Bear Market Rallies

Trading Bear Market Rallies

By Dr. Winton Felt

In bear markets, prices fall faster than they rise in bull markets.  Down moves are sharper and rallies tend to be quicker than they are in bull markets.  You can take bullish positions on those sharp counter-trend rallies, but do not expect to hold those positions long..

In a bear market, it is better to use very sensitive (very short-term) moving averages to generate your signals, assuming you prefer moving averages.  Moving averages tend to be slow in detecting a new trend.  Since counter-trends in bear markets do not last long, the moving averages you use must be short in order for you to have much participation in the rally.  For example, a 3-day moving average crossing above a 9-day moving average can be useful for generating buy signals for some stocks.  However we would recommend something more sensitive than a moving average to generate your sell signals.  A drop in price below the highest low since purchase or some other such approach would be much more sensitive to a change in direction.  However, this is also a situation where it is not necessary to wait for a change in direction.  The stock being near resistance can be a good enough reason to sell.  Fibonacci retracement levels, Parabolic SAR, Gann, and other studies can also be a great help in defining sell points before there is an actual change in price trend.

If a stock is in a downtrend, avoid talking yourself into the notion that the stock is about to turn, and that a counter-trend rally is the beginning of that turn.  Draw the overhead declining trendline of resistance that is defining the stock’s decline.  Assume it will continue to limit upside trends until it actually fails to do so.  Even if the stock is about to turn, it is unlikely that it will follow a “V” pattern in doing so.  Usually a stock will “consolidate” or remain in a trading range for a time before rising.  If it does define a trading range, the high of that range probably will not be higher than the latest high permitted by the declining trendline.  In other words, in terms of the next trade, it makes no difference if the stock is beginning to move sideways in a trading range or if it is about to continue its downtrend.  Either way, you will want to sell when your stock is at or near the boundary marked by your declining trendline.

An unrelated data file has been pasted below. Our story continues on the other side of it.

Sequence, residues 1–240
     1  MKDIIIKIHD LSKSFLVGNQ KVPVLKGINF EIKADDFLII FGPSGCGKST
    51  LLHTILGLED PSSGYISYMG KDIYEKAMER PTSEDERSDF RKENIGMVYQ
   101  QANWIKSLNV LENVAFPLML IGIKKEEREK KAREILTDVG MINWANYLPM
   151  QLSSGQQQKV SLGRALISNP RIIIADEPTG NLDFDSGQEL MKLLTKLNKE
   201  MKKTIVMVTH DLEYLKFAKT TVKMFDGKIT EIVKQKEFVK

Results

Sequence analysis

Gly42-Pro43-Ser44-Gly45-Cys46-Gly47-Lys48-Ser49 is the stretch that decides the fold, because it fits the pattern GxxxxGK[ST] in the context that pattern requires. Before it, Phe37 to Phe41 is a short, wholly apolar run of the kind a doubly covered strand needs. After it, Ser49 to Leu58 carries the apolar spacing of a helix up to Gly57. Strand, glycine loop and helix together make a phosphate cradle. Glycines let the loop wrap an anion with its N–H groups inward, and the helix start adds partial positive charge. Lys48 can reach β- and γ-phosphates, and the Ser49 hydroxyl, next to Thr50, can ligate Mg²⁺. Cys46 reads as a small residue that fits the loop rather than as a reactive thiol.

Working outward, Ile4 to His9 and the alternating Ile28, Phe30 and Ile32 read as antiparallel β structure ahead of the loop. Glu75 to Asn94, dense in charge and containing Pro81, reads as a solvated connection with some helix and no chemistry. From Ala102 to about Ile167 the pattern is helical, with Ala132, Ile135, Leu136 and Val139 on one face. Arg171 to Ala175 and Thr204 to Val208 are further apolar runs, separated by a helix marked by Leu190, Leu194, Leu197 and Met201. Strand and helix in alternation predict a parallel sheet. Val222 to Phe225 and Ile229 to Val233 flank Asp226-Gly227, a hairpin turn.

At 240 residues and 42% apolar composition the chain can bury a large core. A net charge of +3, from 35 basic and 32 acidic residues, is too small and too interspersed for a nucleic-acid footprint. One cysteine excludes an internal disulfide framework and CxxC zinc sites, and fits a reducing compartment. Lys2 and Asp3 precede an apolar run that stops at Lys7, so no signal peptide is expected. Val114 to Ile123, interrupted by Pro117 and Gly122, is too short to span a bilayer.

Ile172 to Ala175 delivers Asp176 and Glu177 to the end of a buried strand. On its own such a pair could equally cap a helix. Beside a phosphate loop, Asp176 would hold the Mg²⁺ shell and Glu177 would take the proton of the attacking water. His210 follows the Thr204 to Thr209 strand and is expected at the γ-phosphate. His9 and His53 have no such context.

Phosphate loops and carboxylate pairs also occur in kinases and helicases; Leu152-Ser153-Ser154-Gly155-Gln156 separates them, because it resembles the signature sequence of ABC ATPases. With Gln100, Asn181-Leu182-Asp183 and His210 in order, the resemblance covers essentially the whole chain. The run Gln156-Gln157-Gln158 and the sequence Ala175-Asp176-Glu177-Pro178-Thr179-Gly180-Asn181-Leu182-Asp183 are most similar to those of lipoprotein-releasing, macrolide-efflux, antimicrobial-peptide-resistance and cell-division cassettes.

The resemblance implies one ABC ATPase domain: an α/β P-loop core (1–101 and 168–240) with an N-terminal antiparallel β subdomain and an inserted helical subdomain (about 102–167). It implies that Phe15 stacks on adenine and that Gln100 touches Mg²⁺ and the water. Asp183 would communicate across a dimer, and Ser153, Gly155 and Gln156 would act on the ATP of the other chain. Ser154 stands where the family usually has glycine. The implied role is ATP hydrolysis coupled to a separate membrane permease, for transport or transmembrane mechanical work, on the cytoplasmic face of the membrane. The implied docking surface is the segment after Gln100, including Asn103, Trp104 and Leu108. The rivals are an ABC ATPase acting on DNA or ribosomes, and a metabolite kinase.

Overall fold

The rationale for selling before a moving average crossover takes place is based on the fact that rallies in a bear market are not only faster, but they are also of relatively short duration.  By the time the moving average crossover occurs, a good portion of the decline may have already taken place.  In some situations the moving averages will work fine as sell signal generators.  Try testing a few very short-term moving average crossover combinations for a stock in which you are interested.  Note the patterns of past crossovers, the delays of entry points in counter-trend rallies, and the delay in exits.  Does the pattern show that most of the time you would have been able to participate in a good portion of the rally?  If you cannot find a moving average combination that will enable you to participate in enough of the counter-trend rally to enable you to capture a reasonable gain for the amount of risk assumed, then using moving average crossover systems for the selling part of your strategy is not an appropriate approach to use on that stock.

In bear market rallies, our traders might sometimes use a “hit and run” approach. Here, you would make your purchase and sell as soon as you hit your target exit price or before that if there is any sign of weakness.  While you may end up selling before a move is completed, you can sell with a profit that is acceptable to you while removing uncertainty and reducing wait-time.  Always plan for the gains to be smaller, the price to change quickly, and the rally to be of short duration.